mon 24/06/2024

My Enemy's Cherry Tree: Wang Ting-Kuo review - a masterpiece from Taiwan | reviews, news & interviews

My Enemy's Cherry Tree: Wang Ting-Kuo review - a masterpiece from Taiwan

My Enemy's Cherry Tree: Wang Ting-Kuo review - a masterpiece from Taiwan

A tense story of love doomed by power

Wang Ting-Kuo© No credit

Early every evening, Miss Baixiu comes to sit in an isolated café. She is the daughter of Luo Yiming, the respected employee of a successful commercial bank in charge of loans throughout central Taiwan. As a rich man, an aesthete and a philanthropist he enjoys status, power, acclaim.

Since leaving his job, the owner of the café, our unnamed narrator, has consciously sought to reduce his life to the smallest confines. He sleeps in a purpose-built mezzanine inside the shop and is lucky to sell two cups of coffee a day. The location of the café was dictated as the being the best spot to wait for his disappeared wife, Qiuzi. Enmity runs deep between him and Luo and one evening, at Miss Baixiu’s prompting, he tells his story.

So begins Wang Ting-Kuo’s searing indictment of the insidious effect of power imbalances between people, told through a doomed love story. The subject is close to Wang’s heart. As a promising young author he was compelled by his future wife’s father to give up writing or risk losing her and in My Enemy’s Cherry Tree, the effect of power is felt in many ways. Differences in social standing, wealth and upbringing carve gulfs between characters and throw relationships and exchanges into sharp relief. Born to poor parents, our narrator grows to be relatively at ease with his bombastic “unpretentious and rough-hewn” property developer boss, Boss Motor, while he treats with reserve the meticulous and image-conscious Luo who gives Qiuzi free photography lessons and whom he imagines standing at her elbow, murmuring how to frame each shot.

Wang Ting-Kuo My Enemy's Cherry TreeAs becomes clear though, he’s not innocent either. His and Qiuzi’s relationship is not without its own particular dynamic which, in the course of his tale, prompts anguished soul searching. Drawn together in part by common, hard upbringings, he describes her as “almost like my second self.” He is tender, seeking out an instrument that makes rain sounds to soothe her after an earthquake resuscitates old, perturbing demons; he notices and cherishes small, ingenuous things  like how “the hint of a smile would dance around her lips when I was only partway through telling her something”. Yet in quiet, unconscious ways, her life is subjugated to his. His work takes him away for weeks at a time and her naïvety (or acceptance) of this is devastating. Flicking through the photos she proudly shows him, he is struck by how the camera, far from expanding her horizons, “had actually exposed the narrow confines of our life.”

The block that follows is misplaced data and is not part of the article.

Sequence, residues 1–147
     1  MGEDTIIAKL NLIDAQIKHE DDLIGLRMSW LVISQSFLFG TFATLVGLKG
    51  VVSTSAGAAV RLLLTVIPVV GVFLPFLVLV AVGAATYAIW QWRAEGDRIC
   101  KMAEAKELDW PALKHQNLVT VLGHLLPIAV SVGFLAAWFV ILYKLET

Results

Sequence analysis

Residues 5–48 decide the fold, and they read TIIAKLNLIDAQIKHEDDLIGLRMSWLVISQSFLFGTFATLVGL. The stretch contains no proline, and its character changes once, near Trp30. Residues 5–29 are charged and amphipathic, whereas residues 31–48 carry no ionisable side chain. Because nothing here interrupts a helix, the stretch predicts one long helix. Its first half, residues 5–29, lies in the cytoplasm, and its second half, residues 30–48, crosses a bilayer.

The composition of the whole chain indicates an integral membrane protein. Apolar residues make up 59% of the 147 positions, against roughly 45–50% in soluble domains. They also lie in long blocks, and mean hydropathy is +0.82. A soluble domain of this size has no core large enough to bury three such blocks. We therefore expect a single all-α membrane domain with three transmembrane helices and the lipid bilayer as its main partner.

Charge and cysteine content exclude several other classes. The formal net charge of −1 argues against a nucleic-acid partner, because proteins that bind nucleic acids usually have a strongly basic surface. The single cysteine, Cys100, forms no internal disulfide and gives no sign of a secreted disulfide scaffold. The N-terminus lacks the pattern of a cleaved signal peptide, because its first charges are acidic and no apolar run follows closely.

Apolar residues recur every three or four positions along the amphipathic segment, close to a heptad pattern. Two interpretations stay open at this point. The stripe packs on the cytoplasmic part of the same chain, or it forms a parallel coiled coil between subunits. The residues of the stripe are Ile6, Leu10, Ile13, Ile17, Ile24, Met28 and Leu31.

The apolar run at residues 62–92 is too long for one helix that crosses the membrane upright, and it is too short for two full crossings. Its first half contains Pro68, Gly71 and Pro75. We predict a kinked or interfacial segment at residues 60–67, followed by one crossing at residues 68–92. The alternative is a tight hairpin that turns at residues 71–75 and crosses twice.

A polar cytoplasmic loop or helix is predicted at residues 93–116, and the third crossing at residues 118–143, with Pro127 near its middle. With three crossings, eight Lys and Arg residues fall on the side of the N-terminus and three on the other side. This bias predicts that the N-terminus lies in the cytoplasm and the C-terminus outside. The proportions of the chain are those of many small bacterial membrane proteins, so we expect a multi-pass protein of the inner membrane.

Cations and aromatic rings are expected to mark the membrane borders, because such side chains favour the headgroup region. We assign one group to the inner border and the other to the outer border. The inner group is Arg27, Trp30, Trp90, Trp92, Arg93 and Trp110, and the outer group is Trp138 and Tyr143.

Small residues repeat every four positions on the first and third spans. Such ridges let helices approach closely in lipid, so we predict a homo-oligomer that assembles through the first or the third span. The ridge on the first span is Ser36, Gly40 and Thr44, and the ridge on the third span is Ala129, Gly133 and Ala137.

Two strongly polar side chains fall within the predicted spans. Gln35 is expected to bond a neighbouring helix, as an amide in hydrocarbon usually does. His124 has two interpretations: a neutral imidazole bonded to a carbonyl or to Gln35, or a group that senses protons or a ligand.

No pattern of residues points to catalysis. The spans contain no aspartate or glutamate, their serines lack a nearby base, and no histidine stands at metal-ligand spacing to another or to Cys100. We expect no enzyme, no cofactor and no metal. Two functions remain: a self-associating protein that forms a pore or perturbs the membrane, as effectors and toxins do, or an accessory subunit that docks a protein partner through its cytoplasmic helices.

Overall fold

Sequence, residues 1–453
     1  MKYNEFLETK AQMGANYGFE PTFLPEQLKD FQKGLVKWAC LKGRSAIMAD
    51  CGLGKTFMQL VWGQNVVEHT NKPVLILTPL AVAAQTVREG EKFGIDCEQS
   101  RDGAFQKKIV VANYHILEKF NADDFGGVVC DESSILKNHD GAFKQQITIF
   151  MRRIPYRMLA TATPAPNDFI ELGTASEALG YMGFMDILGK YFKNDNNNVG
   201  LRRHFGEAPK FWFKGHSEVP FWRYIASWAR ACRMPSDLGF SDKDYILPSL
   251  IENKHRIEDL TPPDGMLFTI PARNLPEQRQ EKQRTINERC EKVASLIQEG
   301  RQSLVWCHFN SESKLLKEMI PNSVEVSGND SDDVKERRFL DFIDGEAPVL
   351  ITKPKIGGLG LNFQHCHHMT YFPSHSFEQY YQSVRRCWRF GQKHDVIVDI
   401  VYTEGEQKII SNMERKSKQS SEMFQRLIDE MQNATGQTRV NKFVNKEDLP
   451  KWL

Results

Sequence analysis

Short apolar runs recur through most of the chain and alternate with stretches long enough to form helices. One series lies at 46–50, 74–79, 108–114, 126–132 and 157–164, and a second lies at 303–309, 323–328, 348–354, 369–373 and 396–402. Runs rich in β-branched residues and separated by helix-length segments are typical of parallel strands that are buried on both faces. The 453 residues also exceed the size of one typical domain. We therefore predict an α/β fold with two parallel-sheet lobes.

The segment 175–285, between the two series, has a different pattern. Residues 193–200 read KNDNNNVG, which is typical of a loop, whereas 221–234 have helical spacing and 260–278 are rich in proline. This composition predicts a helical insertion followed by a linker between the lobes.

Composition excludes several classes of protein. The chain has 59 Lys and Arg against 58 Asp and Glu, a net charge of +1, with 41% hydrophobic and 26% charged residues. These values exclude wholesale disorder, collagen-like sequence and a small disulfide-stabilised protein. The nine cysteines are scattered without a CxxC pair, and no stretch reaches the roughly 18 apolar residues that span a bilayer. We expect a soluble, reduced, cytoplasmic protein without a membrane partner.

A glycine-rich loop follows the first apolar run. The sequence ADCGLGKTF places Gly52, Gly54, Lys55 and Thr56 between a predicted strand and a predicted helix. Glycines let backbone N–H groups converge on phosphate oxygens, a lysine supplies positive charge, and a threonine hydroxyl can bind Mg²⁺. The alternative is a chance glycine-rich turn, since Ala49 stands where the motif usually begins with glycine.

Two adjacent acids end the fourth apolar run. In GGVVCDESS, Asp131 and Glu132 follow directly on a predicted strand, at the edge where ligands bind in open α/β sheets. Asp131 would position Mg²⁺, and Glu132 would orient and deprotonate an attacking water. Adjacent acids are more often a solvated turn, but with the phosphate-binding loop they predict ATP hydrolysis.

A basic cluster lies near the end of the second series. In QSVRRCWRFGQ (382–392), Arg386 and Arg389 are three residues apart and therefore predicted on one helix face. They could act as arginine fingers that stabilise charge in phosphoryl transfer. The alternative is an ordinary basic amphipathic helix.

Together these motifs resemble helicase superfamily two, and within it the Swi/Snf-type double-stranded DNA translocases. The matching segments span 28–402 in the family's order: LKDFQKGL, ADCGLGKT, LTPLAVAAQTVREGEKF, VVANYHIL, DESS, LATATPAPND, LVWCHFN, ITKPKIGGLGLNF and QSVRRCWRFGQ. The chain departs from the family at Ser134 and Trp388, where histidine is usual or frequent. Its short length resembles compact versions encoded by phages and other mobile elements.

It’s not just people who exert influence on their lives  the young couple seem to be tyrannised by objects. Not for their materiality (through cost is a frequent barrier) but for what they lead to, what they imply. There’s the unassuming, bird-like kettle they buy which wins Qiuzi the camera that leads them to the Luo household. There’s the smell of leather in a Cadillac which to our narrator is “the lure of money and power, mysterious, enticing and yet out of reach.” There’s the development project on the mountain which keeps them apart and lures them into seeking a loan for which they have no collateral. The cumulative sense is of things that happen to them. The couple's one certain choice is having chosen each other but even devotion becomes a trap.

Wang’s prose is both perspicacious and dream-like, psychologically probing and rich in detail. The son of a janitor, our narrator becomes a naïve army discharge who accidentally joins the Shell-less Snail protest against rocketing house prices in Taipei. Yet soon enough he is selling an apartment to a lady who sells street dumplings and managing housing developments. Wang’s handling of these ironies is deft, the hobbled mentality of a man from a poor background is figured with sensitivity. His imagery  beautifully translated by Howard Goldblatt and Sylvia Li-chun Lin  is striking. Qiuzi’s hair “was never longer than chin length, layered to a tapering end, like a fox gazing at snow on the nape of her neck”; a room “had a very low ceiling and was carpeted in red from one end to the other, as if it was floating on the surface of the sea”; Qiuzi’s provocative, mischievous smile makes her look “as if she’d been sucking on a preserved plum.”

This is a lush, tense and devastating novel (his English debut) from a Taiwanese master of style and form.


The couple's one certain choice is having chosen each other but even devotion becomes a trap


Editor Rating: 
Average: 5 (1 vote)

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